Federal Workers, Citizen Advocates and Even Protesting Congressmen Are Targets
The new House rules changes may seem harmless, but they make the House less transparent and can be used to intimidate citizens and federal workers.
When House Republicans approved a plan to gut the independent Office of Congressional Ethics (OCE) earlier this week — only to quickly reverse course less than 24 hours later after a tweet from President-elect Donald Trump and a barrage of angry phone calls — many hailed the turnabout as an important victory for government transparency. The truth is very different.
Several other rules included in the final House rules package are at least equally disturbing and hardly received any attention at all — neither from Trump, the media nor upset citizens.
To recap the good news: Yes, the OCE was spared. The entity was created in 2008 after congressional scandals about lobbyists bribing members of Congress demonstrated the flaws of the House Ethics Committee, where equal numbers of Democrats and Republicans tended to be reluctant to discipline anyone for misconduct.
The OCE is independent of Congress, nonpartisan, and staffed by ethics experts. It investigates complaints of unethical conduct. Any complaint the OCE refers to the House Ethics Committee must be made public, even if the Committee takes no disciplinary action against the member.
House Republicans had voted to replace the OCE with the Office of Congressional Complaint Review, whose investigations would be subject to House Ethics Committee oversight. This new entity also could not receive anonymous complaints, and could not interact with the public or the media.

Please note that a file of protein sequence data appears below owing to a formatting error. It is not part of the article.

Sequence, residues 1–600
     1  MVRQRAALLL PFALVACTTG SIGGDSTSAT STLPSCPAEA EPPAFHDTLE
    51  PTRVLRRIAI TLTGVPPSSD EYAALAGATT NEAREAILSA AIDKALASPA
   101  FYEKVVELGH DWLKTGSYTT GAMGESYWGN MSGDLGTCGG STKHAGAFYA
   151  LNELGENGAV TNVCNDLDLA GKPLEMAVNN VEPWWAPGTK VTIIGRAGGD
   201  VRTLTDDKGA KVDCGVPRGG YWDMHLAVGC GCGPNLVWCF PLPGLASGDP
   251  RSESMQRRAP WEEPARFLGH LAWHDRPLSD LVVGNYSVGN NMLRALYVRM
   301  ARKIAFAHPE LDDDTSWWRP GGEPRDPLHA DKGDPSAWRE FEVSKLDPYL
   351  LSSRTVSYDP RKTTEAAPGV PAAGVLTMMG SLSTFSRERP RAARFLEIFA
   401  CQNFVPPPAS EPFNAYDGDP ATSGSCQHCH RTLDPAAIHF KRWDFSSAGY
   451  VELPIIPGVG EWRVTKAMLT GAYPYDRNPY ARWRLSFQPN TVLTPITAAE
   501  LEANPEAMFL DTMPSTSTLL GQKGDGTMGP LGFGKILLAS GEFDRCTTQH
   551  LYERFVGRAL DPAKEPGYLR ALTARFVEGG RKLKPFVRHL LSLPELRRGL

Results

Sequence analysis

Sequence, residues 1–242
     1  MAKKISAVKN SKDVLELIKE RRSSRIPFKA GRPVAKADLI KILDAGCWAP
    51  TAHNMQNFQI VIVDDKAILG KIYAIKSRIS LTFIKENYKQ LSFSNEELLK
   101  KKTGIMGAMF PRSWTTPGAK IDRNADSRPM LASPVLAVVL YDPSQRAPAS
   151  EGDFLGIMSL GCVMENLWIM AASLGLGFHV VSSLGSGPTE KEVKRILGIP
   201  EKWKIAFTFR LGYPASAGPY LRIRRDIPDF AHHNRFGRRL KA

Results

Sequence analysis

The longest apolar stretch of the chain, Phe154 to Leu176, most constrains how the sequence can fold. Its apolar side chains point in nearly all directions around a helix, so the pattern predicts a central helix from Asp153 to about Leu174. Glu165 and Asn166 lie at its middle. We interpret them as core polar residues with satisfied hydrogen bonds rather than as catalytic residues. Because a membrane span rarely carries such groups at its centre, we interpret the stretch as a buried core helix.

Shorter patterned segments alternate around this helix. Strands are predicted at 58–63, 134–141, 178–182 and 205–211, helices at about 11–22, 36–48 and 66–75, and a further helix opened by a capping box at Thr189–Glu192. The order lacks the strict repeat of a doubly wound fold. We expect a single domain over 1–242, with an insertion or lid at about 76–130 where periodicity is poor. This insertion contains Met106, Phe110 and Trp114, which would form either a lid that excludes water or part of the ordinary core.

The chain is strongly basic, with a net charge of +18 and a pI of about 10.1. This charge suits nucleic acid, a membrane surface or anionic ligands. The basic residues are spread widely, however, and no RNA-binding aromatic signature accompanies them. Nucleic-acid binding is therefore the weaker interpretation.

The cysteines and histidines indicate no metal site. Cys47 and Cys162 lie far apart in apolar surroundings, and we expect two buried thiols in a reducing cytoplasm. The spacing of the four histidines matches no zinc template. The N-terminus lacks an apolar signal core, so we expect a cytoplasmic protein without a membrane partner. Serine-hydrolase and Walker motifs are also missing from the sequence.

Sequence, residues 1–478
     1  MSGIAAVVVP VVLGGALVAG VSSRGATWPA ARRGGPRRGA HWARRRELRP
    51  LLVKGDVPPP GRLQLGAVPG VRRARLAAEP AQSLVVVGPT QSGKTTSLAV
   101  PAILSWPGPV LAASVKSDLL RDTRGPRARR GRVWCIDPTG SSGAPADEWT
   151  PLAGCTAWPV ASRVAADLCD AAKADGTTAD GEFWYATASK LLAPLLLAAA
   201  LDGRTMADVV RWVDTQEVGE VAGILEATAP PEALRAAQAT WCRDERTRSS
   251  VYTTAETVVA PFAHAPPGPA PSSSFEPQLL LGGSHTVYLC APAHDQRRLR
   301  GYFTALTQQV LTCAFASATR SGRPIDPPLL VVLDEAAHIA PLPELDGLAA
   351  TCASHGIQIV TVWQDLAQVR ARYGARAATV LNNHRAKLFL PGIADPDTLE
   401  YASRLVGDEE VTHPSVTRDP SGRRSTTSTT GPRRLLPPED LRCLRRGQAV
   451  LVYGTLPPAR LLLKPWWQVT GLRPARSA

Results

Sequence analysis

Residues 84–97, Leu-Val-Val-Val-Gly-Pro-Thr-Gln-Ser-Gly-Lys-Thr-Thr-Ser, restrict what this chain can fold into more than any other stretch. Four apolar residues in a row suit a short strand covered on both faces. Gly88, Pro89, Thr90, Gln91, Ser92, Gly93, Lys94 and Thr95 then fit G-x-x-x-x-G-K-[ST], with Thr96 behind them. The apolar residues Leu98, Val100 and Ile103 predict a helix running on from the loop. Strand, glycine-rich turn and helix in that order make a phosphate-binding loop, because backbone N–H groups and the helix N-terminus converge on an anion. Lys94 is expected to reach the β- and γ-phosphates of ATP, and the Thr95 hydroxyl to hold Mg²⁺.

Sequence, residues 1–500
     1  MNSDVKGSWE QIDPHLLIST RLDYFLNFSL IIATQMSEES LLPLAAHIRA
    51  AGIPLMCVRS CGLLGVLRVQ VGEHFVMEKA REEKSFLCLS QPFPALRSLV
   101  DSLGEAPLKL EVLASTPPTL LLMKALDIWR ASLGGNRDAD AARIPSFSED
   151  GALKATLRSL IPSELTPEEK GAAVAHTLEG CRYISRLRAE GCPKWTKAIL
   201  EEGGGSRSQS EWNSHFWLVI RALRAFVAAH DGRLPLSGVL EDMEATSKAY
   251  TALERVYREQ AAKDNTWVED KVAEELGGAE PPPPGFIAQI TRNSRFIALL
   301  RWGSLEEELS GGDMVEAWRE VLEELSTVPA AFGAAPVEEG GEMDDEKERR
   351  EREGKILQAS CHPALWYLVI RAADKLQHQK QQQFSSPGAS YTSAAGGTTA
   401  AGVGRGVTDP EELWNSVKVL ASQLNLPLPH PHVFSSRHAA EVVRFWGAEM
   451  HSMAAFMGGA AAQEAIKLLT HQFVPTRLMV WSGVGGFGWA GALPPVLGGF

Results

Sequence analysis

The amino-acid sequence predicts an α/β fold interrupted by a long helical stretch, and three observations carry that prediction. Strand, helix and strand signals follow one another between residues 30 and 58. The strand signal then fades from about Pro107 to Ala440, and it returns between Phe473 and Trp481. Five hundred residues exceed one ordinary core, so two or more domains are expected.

The Bad News
But the package that did get approved still contains several provisions that will erode transparency, make federal workers more vulnerable to political interference and retaliation, and increase the penchant of House committees to subpoena anyone they disagree with.
One new rule would give the House sergeant-at-arms the power to fine any member caught taking photos, recording audio or video, or “broadcasting” on the House floor. The new rule is aimed at stopping what so irked House leadership last year.
Last June, Democrats were furious at the failure of the House to allow a vote on a bill that would deny individuals on the terrorist “no fly” list the right to purchase a gun. They staged a sit-in on the House floor. House leadership ultimately called a recess, and turned off the C-Span cameras.
But some members under the age of 70 realized they could stream their sit-in with their cell phones. (“I didn’t know you could do that,” 77-year-old House majority leader Steny Hoyer confided during the rules debate on January 3.) Facebook picked it up, and ultimately C-Span carried the protest.